JW: Much of the work in a cellar is very physical, and the environment can be cold, wet, and dirty. There are pumps and compressors, and all sorts of equipment that needs to be maintained or repaired. As a result, occasionally there is a misconception that women aren’t strong enough to do the job, or that we don’t have the aptitude to drive a forklift or repair a pump. For this reason, it seems that many women take jobs in the winery lab, which can perhaps mean that they may not have the same opportunity to broaden their winemaking skills.

B+C: What are some of your best wine tips for the novices among us? 

JW: Many people seem to overbook themselves when visiting wine country. Wine tasting should be a fun and relaxing activity, and rushing around from one tasting appointment to another is stressful! I would select a maximum of three tasting rooms to visit, with a long, leisurely lunch in-between wineries.

Maura Mazzoni, tasting room manager

Brit + Co: Can you talk about your personal professional path that brought you to La Crema?

Maura Mazzoni: Growing up here in Sonoma County, I was very conscious of the unique and exceptional place I called home, and as I began college I knew that I wanted to work in an industry that afforded me the ability the stay, play, and be successful in Sonoma County. Graduating from Sonoma State University with a Bachelor’s degree in Business with a concentration in Wine Business Strategies seemed natural. Traveling the next two years for work during harvest in wine cellars from Chile to New Zealand and back to this area didn’t seem natural at all, but I was hooked on the lifestyle. Quickly realizing my winemaking skills were not as strong as my ability to convey the wines, regions, and people that are wine, I made the switch from cellar work to direct-to-consumer sales, and so began my journey in tasting rooms. Since returning from maternity leave, I have had the pleasure of overseeing the opening of the new La Crema Estate at Saralee’s Vineyard for the last year and a half.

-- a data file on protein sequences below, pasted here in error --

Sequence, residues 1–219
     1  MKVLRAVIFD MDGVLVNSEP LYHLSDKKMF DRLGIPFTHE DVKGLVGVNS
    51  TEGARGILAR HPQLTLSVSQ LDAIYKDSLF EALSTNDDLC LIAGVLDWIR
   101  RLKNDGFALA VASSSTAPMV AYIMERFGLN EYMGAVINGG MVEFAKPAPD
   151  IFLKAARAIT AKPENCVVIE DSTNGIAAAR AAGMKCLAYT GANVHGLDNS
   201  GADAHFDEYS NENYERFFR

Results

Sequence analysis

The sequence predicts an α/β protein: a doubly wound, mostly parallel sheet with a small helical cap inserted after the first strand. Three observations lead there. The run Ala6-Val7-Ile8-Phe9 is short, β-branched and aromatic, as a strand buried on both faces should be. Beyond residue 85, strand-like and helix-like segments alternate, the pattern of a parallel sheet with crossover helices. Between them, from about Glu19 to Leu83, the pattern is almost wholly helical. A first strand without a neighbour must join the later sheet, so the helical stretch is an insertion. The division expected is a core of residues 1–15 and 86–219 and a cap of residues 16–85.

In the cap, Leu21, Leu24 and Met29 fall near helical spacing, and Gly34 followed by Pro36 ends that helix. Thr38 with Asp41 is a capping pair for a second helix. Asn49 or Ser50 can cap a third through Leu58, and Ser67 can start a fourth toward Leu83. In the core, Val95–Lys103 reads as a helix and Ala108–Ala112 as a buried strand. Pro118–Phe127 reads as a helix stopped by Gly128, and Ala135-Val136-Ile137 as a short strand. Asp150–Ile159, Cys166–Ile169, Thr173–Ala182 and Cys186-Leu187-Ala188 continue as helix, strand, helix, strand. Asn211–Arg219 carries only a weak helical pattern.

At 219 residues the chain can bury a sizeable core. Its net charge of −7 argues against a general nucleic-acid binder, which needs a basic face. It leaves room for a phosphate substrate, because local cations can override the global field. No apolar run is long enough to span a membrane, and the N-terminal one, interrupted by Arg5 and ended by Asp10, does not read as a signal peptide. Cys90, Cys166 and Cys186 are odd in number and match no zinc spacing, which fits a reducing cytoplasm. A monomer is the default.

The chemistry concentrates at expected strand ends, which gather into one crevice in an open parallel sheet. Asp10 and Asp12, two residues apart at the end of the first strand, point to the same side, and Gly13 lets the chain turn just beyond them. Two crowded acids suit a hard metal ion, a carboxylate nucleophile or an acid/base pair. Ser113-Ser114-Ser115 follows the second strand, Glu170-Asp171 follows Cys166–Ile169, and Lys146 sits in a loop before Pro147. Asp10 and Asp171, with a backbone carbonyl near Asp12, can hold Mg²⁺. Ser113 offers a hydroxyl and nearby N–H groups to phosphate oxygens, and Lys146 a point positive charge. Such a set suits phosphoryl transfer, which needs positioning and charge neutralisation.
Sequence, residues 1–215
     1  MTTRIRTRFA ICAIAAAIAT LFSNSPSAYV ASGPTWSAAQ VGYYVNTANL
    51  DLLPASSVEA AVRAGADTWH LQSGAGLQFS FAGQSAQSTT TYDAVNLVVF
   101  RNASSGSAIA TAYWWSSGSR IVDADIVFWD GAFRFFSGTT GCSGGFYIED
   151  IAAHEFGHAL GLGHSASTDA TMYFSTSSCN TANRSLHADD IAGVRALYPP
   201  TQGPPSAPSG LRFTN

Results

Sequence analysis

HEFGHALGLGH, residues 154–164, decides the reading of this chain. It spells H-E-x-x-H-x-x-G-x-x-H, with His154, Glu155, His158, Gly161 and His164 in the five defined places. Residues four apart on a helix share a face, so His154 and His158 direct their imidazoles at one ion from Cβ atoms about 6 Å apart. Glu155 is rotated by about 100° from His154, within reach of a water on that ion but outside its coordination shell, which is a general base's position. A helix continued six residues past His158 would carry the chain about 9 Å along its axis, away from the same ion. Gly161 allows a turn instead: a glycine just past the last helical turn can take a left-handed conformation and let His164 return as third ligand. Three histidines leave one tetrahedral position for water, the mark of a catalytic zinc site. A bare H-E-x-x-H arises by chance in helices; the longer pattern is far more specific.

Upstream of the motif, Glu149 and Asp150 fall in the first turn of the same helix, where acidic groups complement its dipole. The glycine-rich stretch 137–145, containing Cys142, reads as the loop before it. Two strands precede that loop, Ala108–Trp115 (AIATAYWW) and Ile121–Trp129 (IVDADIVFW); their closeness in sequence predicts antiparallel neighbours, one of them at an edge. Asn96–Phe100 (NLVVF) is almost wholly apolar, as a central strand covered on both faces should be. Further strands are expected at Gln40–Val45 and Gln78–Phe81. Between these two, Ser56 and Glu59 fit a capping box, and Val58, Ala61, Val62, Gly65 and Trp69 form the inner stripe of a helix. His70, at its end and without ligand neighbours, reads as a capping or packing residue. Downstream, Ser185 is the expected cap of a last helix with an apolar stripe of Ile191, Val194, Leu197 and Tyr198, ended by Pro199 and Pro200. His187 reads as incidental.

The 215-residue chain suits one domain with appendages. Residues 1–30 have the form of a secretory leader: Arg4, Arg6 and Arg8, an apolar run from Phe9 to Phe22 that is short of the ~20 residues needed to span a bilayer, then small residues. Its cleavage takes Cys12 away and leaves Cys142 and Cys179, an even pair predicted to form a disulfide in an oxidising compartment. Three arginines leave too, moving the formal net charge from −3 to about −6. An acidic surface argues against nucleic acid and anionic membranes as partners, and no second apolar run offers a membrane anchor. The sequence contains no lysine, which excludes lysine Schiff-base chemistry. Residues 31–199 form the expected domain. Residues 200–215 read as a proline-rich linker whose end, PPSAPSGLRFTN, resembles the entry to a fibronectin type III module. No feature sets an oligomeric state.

Brit + Co: The wine industry is a mysterious one — it’s hard to know what jobs are available. It’s cool to see you putting a business degree to work at a winery. Can you tell us a little more about what a Tasting Room Manager does, day-to-day?

MM: As the Tasting Room Manager for our La Crema Estate, I am responsible for the day-to-day operations of one of the most iconic tasting rooms in the heart of the Russian River Valley. I am responsible for hiring and inspiring new wine educators, creating new guest experiences that showcase all 260 acres of our sustainably farmed Estate, sourcing cheese orders from local purveyors that highlight our wines, partnering with our culinary team to cater all exclusive La Crema Member events, as well as attend monthly business reviews to report out all updates regarding the DTC (direct-to-consumer) business with the winemaking, marketing, and executive teams.